The Importance of Social Networking Offline
Offline networking is the old way of doing things. Social media is faster and has a much wider reach, and as such it might seem like this time-consuming and relatively expensive form of connecting with one person over coffee has become redundant.
However, the opposite is true. As more people move to social media, fewer people are taking advantage of the deeper connections available in face-to-face communication. In fact, social skills are dropping with attention spans and thus someone with a practised ability to connect in person has a distinct advantage over the majority who never leave their keyboards.
This is why the importance of social networking offline is higher now than ever before. Standing out offline has never been easier, and for each person who ignores the tangible possibilities, there is an opportunity for someone to take advantage. So, not only is offline networking still relevant, it’s more relevant than ever!
How to Manage Your Offline Network
It is just as critical to maintain your offline network as your online one. In fact, it can be even harder if you’re not connected online and you don’t have all the handy perks of automatic reminders, telling you of useful dates and details about a person by their social media presence.
Keeping detailed notes about your offline connections is therefore very important. Remembering that someone you went to coffee with six weeks ago had a new puppy gives you an opportunity to check in with a personal touch, asking how they’re getting on with the dog.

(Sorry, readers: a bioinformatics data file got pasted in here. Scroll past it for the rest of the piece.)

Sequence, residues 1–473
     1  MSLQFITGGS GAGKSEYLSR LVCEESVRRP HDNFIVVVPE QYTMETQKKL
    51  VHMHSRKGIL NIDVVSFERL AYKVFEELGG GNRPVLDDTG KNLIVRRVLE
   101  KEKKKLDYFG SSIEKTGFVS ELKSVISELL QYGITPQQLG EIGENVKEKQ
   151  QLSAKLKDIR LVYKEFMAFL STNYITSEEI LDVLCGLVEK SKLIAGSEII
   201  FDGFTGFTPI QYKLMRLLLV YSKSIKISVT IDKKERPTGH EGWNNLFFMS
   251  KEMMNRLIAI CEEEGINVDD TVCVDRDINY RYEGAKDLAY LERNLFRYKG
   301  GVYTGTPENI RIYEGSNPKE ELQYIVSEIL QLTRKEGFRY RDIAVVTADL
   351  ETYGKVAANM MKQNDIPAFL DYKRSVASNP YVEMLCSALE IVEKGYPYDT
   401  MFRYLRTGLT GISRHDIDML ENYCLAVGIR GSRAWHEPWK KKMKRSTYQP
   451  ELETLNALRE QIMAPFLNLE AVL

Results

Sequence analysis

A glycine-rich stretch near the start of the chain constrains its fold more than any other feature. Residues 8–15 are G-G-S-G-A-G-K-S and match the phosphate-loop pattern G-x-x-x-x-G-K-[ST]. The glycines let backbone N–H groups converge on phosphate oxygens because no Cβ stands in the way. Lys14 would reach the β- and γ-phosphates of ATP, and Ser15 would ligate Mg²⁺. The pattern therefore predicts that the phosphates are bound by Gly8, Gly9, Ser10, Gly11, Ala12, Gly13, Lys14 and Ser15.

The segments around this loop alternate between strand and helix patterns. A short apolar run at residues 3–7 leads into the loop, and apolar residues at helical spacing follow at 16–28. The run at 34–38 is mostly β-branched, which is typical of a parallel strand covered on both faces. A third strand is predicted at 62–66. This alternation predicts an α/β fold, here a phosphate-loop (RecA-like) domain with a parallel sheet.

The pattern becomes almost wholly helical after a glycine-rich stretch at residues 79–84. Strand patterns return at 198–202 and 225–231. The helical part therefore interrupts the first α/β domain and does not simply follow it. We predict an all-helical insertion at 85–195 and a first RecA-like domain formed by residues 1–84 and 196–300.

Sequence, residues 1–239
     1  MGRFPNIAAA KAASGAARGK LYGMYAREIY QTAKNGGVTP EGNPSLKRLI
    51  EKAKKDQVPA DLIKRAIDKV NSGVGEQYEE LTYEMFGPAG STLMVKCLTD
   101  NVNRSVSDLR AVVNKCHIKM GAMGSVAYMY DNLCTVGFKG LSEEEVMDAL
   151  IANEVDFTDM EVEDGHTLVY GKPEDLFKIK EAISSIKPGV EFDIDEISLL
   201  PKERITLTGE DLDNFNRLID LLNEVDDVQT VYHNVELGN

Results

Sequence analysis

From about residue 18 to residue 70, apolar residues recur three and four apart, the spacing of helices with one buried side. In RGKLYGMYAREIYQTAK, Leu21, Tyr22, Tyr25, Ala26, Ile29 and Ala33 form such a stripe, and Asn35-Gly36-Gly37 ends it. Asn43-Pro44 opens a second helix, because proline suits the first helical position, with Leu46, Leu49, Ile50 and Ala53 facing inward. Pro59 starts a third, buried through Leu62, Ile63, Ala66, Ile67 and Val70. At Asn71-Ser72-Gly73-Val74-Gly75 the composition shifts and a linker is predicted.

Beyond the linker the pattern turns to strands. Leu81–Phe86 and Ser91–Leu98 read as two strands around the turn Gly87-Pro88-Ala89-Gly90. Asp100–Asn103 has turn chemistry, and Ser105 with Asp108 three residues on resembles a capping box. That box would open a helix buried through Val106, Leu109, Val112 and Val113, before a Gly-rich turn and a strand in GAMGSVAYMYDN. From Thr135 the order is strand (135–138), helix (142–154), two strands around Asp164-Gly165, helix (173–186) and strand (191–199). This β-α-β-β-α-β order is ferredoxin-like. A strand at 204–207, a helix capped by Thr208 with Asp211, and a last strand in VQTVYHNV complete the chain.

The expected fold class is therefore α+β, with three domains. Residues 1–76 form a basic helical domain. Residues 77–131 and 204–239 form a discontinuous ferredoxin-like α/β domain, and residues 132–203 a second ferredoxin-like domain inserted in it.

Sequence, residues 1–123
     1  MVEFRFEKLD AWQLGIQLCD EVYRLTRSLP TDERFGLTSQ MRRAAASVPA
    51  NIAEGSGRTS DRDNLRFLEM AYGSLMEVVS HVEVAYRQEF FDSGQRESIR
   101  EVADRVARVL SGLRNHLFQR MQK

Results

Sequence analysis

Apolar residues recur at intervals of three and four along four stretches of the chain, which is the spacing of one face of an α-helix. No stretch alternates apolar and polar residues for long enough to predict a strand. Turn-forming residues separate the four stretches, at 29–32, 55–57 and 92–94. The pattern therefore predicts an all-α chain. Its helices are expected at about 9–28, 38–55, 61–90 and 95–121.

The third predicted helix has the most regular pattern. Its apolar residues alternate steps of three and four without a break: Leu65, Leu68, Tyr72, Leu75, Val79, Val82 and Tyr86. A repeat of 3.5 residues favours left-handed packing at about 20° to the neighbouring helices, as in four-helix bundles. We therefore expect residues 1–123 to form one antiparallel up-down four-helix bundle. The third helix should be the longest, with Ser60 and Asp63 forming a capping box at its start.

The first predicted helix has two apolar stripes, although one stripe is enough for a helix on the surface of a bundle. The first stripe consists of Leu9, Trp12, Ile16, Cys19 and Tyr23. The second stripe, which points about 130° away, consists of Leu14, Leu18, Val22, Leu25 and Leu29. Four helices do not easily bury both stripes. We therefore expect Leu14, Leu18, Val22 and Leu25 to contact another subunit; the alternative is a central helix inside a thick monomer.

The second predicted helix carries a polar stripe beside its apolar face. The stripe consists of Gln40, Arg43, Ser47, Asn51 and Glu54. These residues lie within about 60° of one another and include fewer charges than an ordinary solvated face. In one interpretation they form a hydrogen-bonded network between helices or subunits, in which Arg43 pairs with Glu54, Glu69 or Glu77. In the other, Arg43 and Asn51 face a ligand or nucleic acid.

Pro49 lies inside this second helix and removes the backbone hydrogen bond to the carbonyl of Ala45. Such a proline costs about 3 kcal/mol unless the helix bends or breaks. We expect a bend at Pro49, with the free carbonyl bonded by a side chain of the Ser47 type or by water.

Maintaining these relationships is about forming and reinforcing bonds over time, and a quick lunch date or phone call, although higher maintenance than liking a Facebook status update, is also a lot more effective at doing this.
Managing small networks is relatively straightforward, but as yours grows, it will become time-consuming and complicated to keep track of. This is where customer relationship management (CRM) software might come in handy. Good CRM software can take the hassle out of managing networks, online or offline, and will send you reminders based on criteria you set, to check in with a colleague or nudge a prospect along the sales funnel when the time is right.
CRM software comes in all shapes and sizes; one such option is Dex, which allows you to keep your online and offline contacts all in the same place, organizing them by how frequently you want to keep in touch and allowing you to pick up the conversation where you left off.
Forming an offline network isn’t rocket science. It relies on the age-old social characteristics of being a decent person and reaching out to help others. Sure, that’s expensive and time-consuming, and it’s a lot easier to drop someone a line on their social media, but it’s not exactly going to stick in their heads like a face-to-face meeting would.
Learning how to navigate the offline networking world involves putting yourself out there and figuring out how to add value while identifying those around you who are valuable in turn. This is something that will take some practice but does become easier with time.
Once you have a growing network, make sure to maintain it and keep track of who, where and when by using handy contact management services like Dex.
Offline networking may seem like a primitive science but in reality, it’s as important as ever, and with less competition for attention offline, it’s even more easy and more important than ever to stand out offline.